If the experimenter inadvertently interprets the information to be as expected in his hypothesis it is called expectancy effect. To counteract experimenter bias the subjects can be kept uninformed on the intentions of the experiment, which is called single blind. If the people collecting the information and the subjects giving it are kept uninformed then it is called a double blind experiment. The experiment should also be reported so that other researchers can repeat it. If an experiment isn't repeatable it will not hold much weight in the scientific community.
To help an experiment be repeatable the researcher should have the variables be measureable, this is called being empirical. Whether researching humans or animals the experiment should be ethical. When humans are the subjects they should be informed of what the study is, consent to being in it, be debriefed afterwards, and their information should also be kept confidential.
Researchers study organisms in their natural environments or habitats without trying to manipulate or control anything. In this method, the researcher observes the behavior under study in its natural setting while attempting to avoid influencing or controlling it. The observations are done in a naturalistic setting without any preparation or participation of the researcher.
Therefore, the behavior is observed in public places, streets, homes, and schools. Observing people from other cultures response in the same setting is a way to provide information for cross-cultural research. This method includes tests , questionnaires , and interviews. All of which do the same thing, give the subject a stimuli, i.
The advantage of using these is the ability to inexpensively and rapidly collect vast amounts of data. This allows a psychologist to compare one person, or a group of peoples results to thousands of others. The disadvantage is that they are not always telling what the subject's response is but what the subject says is the response.
Once the information is gathered it has to be put into some kind of form, usually numerical. Statistics deals with the collection, analysis, interpretation, and presentation of numerical data. The goal of statistics is to summarize the data and let descriptions or inferences be made. Inferences are used when making predictions of the relationships of variables. Descriptions are concise displays, using statistical symbols ,of the information in frequency distributions, measures of central tendency , or measures of variability.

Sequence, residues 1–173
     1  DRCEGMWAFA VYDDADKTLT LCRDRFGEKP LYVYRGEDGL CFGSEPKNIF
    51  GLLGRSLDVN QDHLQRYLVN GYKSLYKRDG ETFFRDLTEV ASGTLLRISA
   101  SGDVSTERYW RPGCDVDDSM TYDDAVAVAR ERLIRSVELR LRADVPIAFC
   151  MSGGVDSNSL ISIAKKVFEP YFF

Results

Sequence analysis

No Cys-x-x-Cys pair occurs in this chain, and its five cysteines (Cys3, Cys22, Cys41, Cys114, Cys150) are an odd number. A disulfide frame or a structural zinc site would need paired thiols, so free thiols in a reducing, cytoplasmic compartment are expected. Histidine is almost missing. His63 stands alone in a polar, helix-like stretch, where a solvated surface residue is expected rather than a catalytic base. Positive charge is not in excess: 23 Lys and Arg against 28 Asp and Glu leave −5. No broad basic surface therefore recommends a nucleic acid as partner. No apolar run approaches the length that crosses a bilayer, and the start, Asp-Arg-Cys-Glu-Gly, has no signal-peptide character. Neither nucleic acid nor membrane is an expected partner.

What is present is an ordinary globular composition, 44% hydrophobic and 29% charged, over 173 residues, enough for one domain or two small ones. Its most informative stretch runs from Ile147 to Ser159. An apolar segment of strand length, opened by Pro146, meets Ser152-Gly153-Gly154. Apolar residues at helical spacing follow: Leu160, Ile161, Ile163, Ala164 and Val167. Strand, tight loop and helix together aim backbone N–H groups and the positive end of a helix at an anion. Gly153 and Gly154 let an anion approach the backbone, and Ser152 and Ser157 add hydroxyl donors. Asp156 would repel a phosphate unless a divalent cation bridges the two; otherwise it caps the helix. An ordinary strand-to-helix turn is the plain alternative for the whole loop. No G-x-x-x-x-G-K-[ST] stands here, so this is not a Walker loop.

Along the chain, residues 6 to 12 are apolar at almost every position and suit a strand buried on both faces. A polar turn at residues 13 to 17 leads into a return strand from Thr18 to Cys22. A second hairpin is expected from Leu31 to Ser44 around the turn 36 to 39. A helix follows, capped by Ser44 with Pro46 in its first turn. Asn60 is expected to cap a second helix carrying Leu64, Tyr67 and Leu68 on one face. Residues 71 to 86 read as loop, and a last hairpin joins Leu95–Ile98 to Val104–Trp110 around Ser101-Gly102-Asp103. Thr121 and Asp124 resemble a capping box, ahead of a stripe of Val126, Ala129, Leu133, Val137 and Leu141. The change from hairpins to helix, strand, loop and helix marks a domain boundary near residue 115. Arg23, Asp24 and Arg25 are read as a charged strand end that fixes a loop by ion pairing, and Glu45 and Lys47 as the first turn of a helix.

There are agreed upon standard symbols used in statistical displays. These symbols can be used by themselves or in equations. A frequency distribution is obtained by taking the score and splitting them into subgroups. The subgroups are then put on either a histogram bar graph or a frequency polygram line graph. When a frequency distribution has most of the scores on one side of the graph it is considered skewed. If it has most of the scores in the middle with equal amounts on both sides it is considered symmetrical.
In measures of central tendency there is one number that is used to represent a group of numbers.
This type of experiment is conducted in a well-controlled environment – not necessarily a laboratory – and therefore accurate and objective measurements are possible. The researcher decides where the experiment will take place, at what time, with which participants, in what circumstances and using a standardized procedure.
A summary of Research Methods in 's Research Methods in Psychology. Learn exactly what happened in this chapter, scene, or section of Research Methods in Psychology and what it means. Perfect for acing essays, tests, .
An Introduction to the Types Of Psychological Research Methods The types of research methods in psychology are diverse, and here we provide you with an overview of the ways in which these methods are utilized. A wide range of research methods are used in psychology. These methods vary by the sources of information that are drawn on, how that information is sampled, and the types of instruments that are used in data collection. Methods also vary by whether they collect qualitative data, quantitative data or both.
There are three main types of descriptive methods: observational methods, case-study methods and survey methods. Hale, J. (). The 3 Basic Types of Descriptive Research Methods. Psych. Research in humanistic psychology is more typically pursued by ethnographic, historical, and historiographic methods. The testing of different aspects of psychological function is a significant area of contemporary psychology.